It’s a yarn shop – right?

Yes! Wild and Woolly is most definitely a yarn shop. But it’s also other things which aren’t always easy to get a handle on if you’re not able to swing by and visit us in Clapton. So for those of you who live too far away, or who’ve only recently joined in by subscribing to this newsletter, it feels like high time we showed you around a bit more and introduced ourselves..

Wild and Woolly is run by me and Brontë.

In general Brontë is responsible for getting your parcels of wool out to you when you order online, and I take care of getting the wool into the shop for you to pick from in the first place.

Choosing which yarns to sell to you tends to be a joint effort, and brings together Brontë’s brilliant eye for colour combining, and my interest in small producers with local production circles and integrity-rich manufacturing processes. We both share a love of sheepy woolly wools so you can expect to see yarns from a range of different traceable breeds whose wool is characterfully spun and thoughtfully dyed. Sourcing these kinds of yarns needs us to understand the people, the sheep and the processes that make it, so as far as possible we stick to getting yarn from British and European producers who we can have personal contact with. Their stories are integral to the yarn you’re knitting with, so do ask if you want to know more, or alternatively, sit down with a cup of tea and read more about them in these newsletters over the next months. 

If you’re able to come in person (and we really hope you can!) you’re just as likely to be helped out by either of us. We are both very experienced knitters and like nothing more than solving knitting puzzles, so if your stitches go awry and you’re feeling a bit out of love with your project, you are always welcome to come in and we will do our best to work things out and reconcile you with your knitting. Other talents we have include finding the right pattern for you and your skills, calculating yarn quantities, substituting different yarns, knowing when to fudge it and when all else fails, counselling you through having to rip something back.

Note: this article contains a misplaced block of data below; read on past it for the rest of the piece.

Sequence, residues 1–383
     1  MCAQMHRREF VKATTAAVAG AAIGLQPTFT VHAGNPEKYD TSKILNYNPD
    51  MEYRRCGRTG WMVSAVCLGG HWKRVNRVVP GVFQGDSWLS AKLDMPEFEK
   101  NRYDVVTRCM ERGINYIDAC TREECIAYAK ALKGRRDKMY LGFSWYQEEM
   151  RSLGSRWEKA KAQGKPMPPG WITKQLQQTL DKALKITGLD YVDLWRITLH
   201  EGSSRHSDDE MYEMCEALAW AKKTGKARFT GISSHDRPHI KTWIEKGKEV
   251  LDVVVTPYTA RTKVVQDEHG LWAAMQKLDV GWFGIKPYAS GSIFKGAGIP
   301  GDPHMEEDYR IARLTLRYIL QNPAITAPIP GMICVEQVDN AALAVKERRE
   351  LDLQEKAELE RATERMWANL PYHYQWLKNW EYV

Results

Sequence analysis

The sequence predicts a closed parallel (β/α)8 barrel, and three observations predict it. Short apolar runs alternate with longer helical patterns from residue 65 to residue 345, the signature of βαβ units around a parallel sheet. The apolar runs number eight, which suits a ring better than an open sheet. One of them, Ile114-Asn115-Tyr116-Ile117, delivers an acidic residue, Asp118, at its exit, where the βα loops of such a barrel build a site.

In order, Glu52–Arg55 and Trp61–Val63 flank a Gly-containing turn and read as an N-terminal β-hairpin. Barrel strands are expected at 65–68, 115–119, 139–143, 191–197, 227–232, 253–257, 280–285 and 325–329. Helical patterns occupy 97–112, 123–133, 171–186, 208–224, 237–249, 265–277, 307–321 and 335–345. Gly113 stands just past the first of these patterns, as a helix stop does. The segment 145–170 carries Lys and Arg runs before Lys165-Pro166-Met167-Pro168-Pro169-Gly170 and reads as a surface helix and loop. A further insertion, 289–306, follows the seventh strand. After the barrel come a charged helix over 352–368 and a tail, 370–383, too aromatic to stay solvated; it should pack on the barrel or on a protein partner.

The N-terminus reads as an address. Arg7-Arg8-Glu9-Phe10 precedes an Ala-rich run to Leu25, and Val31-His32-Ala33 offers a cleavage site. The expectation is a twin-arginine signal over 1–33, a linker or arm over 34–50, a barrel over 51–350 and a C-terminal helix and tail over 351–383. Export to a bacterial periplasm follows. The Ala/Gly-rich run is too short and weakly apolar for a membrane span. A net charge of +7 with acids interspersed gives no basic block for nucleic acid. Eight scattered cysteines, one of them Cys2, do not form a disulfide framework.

As well as being a shop, Wild and Woolly is also a knitting community where you can come and make friends with other knitters over a drink and a nosh (see our monthly Late Night Knitty Lock-in), and a workshop where you can take classes which will teach you to make things you didn’t know you could, and learn new skills.

Although we are a business which needs to operate within the market and steer a viable path, we are guided as much by principles of sustainability as profitability. The growth we are most interested in, concerns growing your sweaters and getting them to fit you nicely.  We will always do our best to find wool which fits your budget, we maintain a Stash Depot for getting wool out from under your stairs and into the hands of knitters who could do with a cheaper source of yarn, we have Yarn Forward tokens next to the till for low income knitters to help with the cost of their supplies, and we are always happy to advise on what to knit with the wool you have already if you’d rather not buy anymore.

So it’s a shop, 2 shop keepers, a community, a workshop, and it’s also a source of stories, many of which I tell each week in this newsletter. I hope you enjoy reading them!

Oh, and then of course there’s also our knitting…

Brontë is busy with 2 projects on her needles at the moment – The Stripe Overload Polo by Spektakel Knits which she’s making in Studio Donegal’s Soft Donegal, and this beautiful Lakes Pullover by Ozetta in Rauwerk Original – so great it’s her second one – pictured here with the sleeves still to go, which means you can also see her Minna No sweater underneath, which she made in Rosa Pomar’s Vovó yarn.

Meanwhile I’ve just finished the Betula Cardigan by Jacqueline Van Dillen in Sheepsoft by Laxtons, and loved the yarn so much I’ve cast on with it again straight away to make the Simplicity Jumper by Norgardknitters.

Delicious yarn aside, the project didn’t end as well as I’d hoped, which is why it’s being modelled by a coat hanger instead of me. There is (of course) a story to tell, but you’ll have to wait until next week for that one..

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